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On *nix systems, free displays the total amount of free and used memory in the system. From my research, the DOS mem command is similar, but it is not available on 64-bit versions of Windows 7. Is there a built-in alternative for the mem command?

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What a glaring omission... – Ignacio Vazquez-Abrams Apr 30 '12 at 5:48
Maybe mem can't handle 192 GB of RAM? – iglvzx Apr 30 '12 at 5:51
Or maybe they just couldn't figure out how to make it work. – Ignacio Vazquez-Abrams Apr 30 '12 at 5:54
@iglvzx: Seeing that mem.exe is a 16-bit MS-DOS executable, you are probably right. – grawity Apr 30 '12 at 7:58
mem isn't useful on 32 bit windows either since it only reports the status of the 16 bit dos virtual machine. – psusi Apr 30 '12 at 13:24
up vote 7 down vote accepted

Note that all of these return kilobytes.

wmic method

wmic os get TotalVisibleMemorySize,FreePhysicalMemory

I'm not sure TotalVisibleMemorySize is correct, but it does appear to show physical memory on my system.

VBScript method

strComputer = "."
Set objWMIService = GetObject("winmgmts:" _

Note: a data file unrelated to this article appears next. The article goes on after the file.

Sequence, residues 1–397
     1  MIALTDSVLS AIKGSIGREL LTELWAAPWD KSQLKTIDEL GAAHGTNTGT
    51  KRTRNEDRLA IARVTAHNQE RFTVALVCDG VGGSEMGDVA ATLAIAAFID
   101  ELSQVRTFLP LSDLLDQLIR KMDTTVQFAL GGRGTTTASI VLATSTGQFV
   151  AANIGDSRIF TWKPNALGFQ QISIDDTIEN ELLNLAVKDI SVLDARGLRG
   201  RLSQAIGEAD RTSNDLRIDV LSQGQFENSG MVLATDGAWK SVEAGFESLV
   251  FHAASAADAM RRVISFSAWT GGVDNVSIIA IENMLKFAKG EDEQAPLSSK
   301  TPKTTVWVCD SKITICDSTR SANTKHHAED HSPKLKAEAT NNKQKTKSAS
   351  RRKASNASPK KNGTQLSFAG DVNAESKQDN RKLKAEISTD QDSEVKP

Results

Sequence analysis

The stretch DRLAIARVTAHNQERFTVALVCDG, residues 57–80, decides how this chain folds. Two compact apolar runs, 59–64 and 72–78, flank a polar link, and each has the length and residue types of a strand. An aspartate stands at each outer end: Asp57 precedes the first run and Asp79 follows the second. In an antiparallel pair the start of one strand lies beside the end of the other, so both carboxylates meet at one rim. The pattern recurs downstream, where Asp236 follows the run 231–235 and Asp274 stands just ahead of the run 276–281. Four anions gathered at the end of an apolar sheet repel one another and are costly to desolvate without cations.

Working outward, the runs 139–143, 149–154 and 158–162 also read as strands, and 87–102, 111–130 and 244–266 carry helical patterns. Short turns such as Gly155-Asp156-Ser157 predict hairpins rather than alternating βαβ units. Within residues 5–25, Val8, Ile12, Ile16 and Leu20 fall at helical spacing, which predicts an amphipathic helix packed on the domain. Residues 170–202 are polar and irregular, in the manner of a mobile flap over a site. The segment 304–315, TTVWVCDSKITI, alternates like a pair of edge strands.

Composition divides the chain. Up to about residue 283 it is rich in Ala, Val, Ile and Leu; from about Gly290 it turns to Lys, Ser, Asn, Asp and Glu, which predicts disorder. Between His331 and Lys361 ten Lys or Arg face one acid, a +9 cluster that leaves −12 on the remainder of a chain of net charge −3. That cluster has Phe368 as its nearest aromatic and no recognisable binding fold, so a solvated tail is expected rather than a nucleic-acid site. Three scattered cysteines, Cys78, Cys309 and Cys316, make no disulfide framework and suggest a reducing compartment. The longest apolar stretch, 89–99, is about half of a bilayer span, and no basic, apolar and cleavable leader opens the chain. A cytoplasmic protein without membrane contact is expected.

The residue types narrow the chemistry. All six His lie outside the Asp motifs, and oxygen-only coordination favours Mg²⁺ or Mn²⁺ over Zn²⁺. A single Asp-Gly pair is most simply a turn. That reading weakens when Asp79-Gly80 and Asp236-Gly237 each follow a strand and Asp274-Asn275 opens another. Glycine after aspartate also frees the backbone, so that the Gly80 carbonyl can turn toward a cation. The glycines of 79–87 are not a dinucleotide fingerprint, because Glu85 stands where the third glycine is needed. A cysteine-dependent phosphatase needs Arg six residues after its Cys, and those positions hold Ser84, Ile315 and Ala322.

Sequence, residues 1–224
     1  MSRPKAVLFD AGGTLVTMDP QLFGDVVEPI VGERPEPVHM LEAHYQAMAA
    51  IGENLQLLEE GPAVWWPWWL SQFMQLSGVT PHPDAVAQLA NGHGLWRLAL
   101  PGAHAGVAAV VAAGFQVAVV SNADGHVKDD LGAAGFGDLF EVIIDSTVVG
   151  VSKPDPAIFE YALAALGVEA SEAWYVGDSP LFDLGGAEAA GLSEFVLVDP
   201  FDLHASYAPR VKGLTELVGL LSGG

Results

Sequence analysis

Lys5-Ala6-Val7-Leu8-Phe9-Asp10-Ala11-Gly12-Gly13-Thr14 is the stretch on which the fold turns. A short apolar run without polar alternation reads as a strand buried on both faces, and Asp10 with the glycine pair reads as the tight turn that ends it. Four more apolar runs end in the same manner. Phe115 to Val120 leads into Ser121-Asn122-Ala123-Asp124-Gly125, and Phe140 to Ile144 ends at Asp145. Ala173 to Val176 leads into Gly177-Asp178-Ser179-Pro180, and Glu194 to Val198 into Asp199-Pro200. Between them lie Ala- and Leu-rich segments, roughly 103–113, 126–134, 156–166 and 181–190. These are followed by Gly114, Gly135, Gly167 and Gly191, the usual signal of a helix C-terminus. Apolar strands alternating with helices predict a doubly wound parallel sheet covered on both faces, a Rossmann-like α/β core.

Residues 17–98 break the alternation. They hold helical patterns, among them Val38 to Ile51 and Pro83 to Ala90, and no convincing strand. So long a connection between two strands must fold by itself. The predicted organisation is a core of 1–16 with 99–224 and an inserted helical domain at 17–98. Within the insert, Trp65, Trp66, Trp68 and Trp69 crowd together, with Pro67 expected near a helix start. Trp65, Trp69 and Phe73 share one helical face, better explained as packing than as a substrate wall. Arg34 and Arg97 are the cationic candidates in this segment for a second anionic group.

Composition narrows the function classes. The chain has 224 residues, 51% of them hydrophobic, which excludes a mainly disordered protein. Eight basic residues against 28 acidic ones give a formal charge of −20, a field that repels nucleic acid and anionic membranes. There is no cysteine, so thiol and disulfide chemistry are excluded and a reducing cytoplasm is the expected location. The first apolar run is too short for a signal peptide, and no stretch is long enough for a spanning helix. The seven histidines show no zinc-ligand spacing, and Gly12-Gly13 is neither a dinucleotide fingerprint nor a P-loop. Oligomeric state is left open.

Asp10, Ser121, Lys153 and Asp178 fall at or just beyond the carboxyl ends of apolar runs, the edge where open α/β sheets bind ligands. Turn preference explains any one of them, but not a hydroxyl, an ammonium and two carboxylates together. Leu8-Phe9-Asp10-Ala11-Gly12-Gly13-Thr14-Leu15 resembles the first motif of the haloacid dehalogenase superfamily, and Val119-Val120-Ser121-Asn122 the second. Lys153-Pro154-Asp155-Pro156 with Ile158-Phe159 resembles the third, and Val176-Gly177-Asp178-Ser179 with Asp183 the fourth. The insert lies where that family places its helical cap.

& "{impersonationLevel=impersonate}!\\" _
    & strComputer & "\root\cimv2")
Set colSettings = objWMIService.ExecQuery _
    ("Select * from Win32_OperatingSystem")
For Each objOperatingSystem in colSettings 
    Wscript.Echo "Available Physical Memory: " & _

PowerShell method

# Get-FreeMemory.ps1
# Sample using PowerShell
# 1st sample from
# Thomas Lee

$mem = Get-WmiObject -Class Win32_OperatingSystem

# Display memory
"System : {0}" -f $mem.csname
"Free Memory: {0}" -f $mem.FreePhysicalMemory

This script produces the following output:

PS C:\foo> .\get-freememory.ps1
  System : COOKHAM8
  Free Memory: 2776988

PowerShell condensed (called from cmd)

powershell.exe -c (Get-WmiObject -Class Win32_OperatingSystem).FreePhysicalMemory
share|improve this answer
As per the specs, TotalVisibleMemorySize gives the amount of memory visible to the OS, which is physical memory minus whatever is reserved by hardware. – Indrek Apr 30 '12 at 9:23

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